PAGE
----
To the man's dismay, he saw that the path had almost been washed out.
What could he do?
To the left was a sheer rock cliff, to his right a precipice that dropped nearly 1000 feet.
Looking down, the man felt his head growing faint and his knees beginning to buckle.
At that moment his guide shouted, "Do not look down or you are a dead man.
Keep your eyes on me, and where I put my feet, put yours there."
The man did as he was instructed, and soon he was safe from danger.
This is needed advice for the beginning of a new year.
No one knows what lies ahead for any of us.
All of us have plans and dreams, but the times and seasons of life are in God's hands.
Sooner or later all of us will come to a dangerous pass where the way ahead seems to be washed out.
At that moment we can panic and fall into terrible trouble.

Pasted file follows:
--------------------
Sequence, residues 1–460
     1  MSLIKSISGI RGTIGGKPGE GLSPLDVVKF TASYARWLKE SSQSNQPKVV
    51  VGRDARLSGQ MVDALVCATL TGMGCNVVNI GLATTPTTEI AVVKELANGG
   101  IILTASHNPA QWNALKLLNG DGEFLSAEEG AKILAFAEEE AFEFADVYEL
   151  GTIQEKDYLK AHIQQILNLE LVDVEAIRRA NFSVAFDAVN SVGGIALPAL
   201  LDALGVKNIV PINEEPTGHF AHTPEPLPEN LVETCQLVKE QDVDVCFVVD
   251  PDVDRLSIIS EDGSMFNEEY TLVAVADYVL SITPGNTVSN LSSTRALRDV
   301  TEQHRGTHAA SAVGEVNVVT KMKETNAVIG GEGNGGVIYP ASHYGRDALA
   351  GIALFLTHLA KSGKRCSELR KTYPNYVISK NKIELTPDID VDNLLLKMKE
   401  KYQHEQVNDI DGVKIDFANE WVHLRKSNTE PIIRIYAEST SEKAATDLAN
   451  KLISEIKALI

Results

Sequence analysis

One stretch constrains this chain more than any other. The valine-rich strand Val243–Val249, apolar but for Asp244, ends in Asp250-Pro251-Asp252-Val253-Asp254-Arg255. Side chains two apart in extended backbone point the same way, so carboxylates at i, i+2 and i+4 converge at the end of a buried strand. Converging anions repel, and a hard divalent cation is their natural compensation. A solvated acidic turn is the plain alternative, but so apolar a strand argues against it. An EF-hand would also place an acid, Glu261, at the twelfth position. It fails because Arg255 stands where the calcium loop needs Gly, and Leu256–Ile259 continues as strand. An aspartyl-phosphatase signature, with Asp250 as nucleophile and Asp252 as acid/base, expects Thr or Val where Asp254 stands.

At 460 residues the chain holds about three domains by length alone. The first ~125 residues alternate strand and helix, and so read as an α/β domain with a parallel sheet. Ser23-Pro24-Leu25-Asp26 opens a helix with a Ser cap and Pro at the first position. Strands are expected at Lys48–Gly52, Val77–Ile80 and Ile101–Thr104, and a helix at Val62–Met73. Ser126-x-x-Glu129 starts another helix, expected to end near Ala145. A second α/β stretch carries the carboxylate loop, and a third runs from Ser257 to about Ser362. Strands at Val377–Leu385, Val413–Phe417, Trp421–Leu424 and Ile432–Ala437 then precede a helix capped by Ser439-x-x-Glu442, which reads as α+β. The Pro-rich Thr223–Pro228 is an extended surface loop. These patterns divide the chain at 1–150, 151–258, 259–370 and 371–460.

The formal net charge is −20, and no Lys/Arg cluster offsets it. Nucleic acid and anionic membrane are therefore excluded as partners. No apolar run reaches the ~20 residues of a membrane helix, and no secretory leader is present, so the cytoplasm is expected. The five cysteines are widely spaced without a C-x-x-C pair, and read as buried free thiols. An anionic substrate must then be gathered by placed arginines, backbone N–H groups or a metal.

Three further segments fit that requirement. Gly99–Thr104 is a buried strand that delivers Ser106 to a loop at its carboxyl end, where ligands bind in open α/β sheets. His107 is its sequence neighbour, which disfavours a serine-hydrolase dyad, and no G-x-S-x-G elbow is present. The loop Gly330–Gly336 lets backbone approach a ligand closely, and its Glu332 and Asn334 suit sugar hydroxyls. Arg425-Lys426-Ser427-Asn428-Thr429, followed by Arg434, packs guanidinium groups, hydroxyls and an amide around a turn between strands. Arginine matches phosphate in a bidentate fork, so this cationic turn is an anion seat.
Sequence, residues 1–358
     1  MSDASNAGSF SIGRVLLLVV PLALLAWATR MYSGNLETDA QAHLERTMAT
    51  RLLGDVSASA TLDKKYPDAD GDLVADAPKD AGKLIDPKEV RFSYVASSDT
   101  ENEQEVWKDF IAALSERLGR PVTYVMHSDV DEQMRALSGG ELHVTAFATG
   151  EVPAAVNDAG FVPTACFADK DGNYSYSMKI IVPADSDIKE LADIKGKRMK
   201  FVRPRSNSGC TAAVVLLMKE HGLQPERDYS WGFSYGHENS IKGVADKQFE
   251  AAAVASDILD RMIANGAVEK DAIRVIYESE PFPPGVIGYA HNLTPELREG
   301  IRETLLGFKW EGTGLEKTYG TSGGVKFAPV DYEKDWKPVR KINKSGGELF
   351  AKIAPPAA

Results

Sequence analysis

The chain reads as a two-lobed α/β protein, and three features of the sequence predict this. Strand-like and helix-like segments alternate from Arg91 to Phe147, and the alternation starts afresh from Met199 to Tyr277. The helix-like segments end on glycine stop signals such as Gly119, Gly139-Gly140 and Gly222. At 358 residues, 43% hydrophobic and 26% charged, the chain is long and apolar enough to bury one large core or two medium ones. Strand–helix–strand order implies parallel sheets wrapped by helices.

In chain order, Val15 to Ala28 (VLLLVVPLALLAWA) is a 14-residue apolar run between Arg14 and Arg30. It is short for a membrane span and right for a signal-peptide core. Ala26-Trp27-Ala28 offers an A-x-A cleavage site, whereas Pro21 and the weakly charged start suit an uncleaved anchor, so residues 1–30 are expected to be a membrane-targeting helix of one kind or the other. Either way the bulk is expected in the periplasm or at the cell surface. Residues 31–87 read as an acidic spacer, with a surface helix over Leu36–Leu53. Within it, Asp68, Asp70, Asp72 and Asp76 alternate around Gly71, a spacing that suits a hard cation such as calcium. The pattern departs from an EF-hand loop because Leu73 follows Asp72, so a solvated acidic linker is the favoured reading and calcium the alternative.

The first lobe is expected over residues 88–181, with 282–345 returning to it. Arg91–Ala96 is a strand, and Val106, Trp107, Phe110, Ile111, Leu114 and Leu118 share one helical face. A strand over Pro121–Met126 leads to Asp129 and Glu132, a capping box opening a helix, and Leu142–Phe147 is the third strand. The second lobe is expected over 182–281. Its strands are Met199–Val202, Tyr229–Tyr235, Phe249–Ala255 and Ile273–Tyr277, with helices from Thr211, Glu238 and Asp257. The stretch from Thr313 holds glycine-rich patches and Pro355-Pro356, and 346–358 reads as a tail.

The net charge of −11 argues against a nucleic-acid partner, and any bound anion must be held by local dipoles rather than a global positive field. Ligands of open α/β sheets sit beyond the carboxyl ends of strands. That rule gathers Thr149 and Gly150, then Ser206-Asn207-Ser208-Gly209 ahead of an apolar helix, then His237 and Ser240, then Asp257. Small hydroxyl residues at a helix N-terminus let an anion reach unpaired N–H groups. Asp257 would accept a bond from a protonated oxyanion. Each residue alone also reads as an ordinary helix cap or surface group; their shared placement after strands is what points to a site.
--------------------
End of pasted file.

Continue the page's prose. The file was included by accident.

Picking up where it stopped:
Or we can fix our eyes on the Lord Jesus Christ and walk in His steps.
If we will follow Him, we will find at the end of this year that we have been kept safe by his amazing grace.
Our text gives us wonderful motivation when it says that Christ is
the "author and perfecter of our faith."
He laid the foundation for our faith by his death and resurrection.
He made our salvation possible.
Then, He provided the perfect example for us to follow.
He trusted God perfectly.
Even when He was sorely tempted in the wilderness, He did not give in.
And in the Garden of Gethsemane, He yielded up His will to the perfect will of his Heavenly Father.
Then, He gives us the faith we need when we feel like quitting.
All true faith comes from Him because faith itself is a gift from God.
In Christ we find everything we need.
He is our example "who for the joy set before him endured the cross, scorning its shame."
The cross speaks of pain, suffering, shame, ridicule, rejection, and ultimate public humiliation.
Crucifixion meant a slow, agonizing death that often lasted for several days.
Death on a cross was the worst kind of torture, and reserved for the very worst criminals.